So I stuck with my constant reminders, badgering, threatening letters.Eventually, it worked, and we quickly resolved the case satisfactorily.

Of course there was a catch.

While the opposing lawyer and I settled the case in December of 2022, the case required a Medicare Set Aside (MSA).

MSA—Multiple Screw-Ups and Aggravations

Medicare Set Asides, or MSAs, are used when an injured worker is receiving or eligible for Medicare and will require future medical care. It protects Medicare from paying for future medical care that is basically someone else’s (the injured worker’s employer) fault.

An MSA forces the employer’s insurance carrier to set aside money to be used for future medical care—it factors in everything from aspirin and anti-inflammatories, to MRIs, to future surgery (in B’s case, there was indication that a future shoulder replacement would be needed).

In addition to requiring an outside vendor (hired by the employer’s insurer) to assess the amounts needed in the MSA, a lot of medical and prescription records had to be submitted to Medicare for approval.

Someone dropped the ball on this multiple times. We will never know exactly what went wrong, although I have my suspicions.

At any rate, I had my client obtain her pharmacy records at least two separate times.

When the other side first asked me for her to obtain them, it was mid-2023. Why they didn’t realize they needed these for over six months is red flag number one.

Then, I kept following up regularly, wondering whether the Medicare Set Aside had been approved by Medicare yet.


Finally, I learned that the opposing lawyer was never going to respond because either he didn’t know anything or because he knew he had screwed up. And the adjuster never responded because, unbeknownst to me, she was no longer with the company.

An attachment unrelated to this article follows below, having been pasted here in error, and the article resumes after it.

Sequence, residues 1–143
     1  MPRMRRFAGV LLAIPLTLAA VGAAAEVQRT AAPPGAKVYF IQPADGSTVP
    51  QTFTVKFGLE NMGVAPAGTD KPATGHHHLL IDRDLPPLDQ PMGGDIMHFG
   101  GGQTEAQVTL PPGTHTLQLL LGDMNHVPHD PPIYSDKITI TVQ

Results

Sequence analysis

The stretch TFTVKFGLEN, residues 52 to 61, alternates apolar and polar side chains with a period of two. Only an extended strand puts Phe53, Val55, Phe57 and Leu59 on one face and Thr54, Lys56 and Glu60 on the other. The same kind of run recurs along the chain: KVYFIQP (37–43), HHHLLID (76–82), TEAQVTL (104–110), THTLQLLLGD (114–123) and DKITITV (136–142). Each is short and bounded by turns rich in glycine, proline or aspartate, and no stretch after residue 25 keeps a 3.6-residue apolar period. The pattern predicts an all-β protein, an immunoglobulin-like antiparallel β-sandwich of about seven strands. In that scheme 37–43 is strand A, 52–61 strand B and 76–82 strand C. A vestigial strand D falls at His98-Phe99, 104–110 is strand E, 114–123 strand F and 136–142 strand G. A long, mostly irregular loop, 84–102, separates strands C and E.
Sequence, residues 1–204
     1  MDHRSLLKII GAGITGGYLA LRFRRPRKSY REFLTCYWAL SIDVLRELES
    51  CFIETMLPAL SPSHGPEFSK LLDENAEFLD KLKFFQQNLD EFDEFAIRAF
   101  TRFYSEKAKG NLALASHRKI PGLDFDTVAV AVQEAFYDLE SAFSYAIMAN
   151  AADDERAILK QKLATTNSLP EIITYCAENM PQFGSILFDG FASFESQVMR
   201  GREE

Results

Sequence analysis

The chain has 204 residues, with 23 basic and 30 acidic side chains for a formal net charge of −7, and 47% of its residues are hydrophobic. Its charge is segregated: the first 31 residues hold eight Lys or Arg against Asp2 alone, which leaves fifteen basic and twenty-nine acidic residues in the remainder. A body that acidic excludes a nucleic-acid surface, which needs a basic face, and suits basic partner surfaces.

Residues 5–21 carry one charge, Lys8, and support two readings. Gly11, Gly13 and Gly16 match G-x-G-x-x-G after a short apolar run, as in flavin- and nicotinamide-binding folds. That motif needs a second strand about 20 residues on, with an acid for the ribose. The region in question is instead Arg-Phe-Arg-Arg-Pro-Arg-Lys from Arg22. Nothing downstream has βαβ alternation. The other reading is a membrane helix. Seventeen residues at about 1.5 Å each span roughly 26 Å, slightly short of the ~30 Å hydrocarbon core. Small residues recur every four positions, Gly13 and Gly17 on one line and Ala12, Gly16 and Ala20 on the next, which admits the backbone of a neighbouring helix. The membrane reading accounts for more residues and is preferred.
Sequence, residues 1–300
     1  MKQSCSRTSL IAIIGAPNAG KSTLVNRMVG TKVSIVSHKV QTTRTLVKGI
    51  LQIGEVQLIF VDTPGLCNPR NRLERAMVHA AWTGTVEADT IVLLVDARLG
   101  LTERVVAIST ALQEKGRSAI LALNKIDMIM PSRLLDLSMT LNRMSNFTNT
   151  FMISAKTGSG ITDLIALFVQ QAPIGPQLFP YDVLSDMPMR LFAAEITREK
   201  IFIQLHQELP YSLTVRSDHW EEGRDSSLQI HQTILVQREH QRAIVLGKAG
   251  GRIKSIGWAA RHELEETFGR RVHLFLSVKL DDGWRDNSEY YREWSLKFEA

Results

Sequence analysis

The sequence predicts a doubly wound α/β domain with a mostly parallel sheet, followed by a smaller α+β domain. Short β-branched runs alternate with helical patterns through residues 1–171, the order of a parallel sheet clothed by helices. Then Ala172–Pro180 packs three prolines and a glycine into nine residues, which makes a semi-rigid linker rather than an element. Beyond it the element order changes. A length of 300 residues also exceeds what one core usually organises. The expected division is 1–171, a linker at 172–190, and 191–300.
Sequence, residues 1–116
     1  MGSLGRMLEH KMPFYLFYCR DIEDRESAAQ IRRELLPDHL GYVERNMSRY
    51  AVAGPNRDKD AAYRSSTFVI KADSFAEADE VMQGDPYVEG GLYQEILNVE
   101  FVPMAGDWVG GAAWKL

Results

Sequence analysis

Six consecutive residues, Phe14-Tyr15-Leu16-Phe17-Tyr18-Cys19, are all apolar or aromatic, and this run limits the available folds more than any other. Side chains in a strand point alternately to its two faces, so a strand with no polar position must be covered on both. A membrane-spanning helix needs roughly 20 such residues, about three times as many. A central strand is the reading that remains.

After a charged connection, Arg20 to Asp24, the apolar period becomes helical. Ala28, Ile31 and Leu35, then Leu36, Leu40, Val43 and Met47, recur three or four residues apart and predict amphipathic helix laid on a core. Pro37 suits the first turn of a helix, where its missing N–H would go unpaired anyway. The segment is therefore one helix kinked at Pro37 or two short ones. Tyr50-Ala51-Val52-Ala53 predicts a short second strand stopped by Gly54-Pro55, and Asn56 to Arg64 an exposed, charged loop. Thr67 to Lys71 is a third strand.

When we located the new adjuster, I pushed her to get the MSA approved. Unfortunately, it was rejected by Medicare because the pharmacy records were out of date!

We had to go get updated pharmacy records!

Once that happened, the MSA was approved within weeks.

And within a few days after that, the settlement contract was drafted, signed, submitted, and approved by the arbitrator.

In other words, it never should have taken this long.

People are human. They are overburdened. They miss things. They forget things. They drop balls.

Can you imagine how long this would have taken if I hadn’t followed up constantly? Can you imagine navigating this without a lawyer?


  • Injury cases do not resolve in a fixed time period. Many factors affect the pendency of a case
  • Workers’ compensation cases are a particularly odd type of matter that is not handled in the regular court system
  • The pandemic affected how long it took cases to resolve
  • Human beings involved in the resolution of any case can make mistakes or omissions that make things take longer
  • Having a lawyer on your side can help protect your interests and move things along more quickly

Contact Chicago Personal Injury Lawyer Stephen Hoffman

As in all cases involving injury, dog bites or injuries, workers’ compensation, medical malpractice, or other injury and potential liability, if you have been injured at work immediately get medical treatment, report the injury to your employer and your own insurance company, and contact a lawyer with expertise in your type of case, such as workers’ compensation.

If you've been hurt at work and have questions, contact Chicago personal injury attorney Stephen L. Hoffman for a free consultation at (773) 944-9737. Stephen has over 30 years of legal experience and has collected millions of dollars for his clients. He is listed as a SuperLawyer, has a 10.0 rating on Avvo, and is BBB A+ accredited. He is also an Executive Level Member of the Lincoln Square Ravenswood Chamber of Commerce.

Stephen handles personal injury claims on a contingency fee basis, which means you don’t pay anything up front, and he only gets paid if you do. Don’t wait another day; contact Stephen now.

Categories: Work Injuries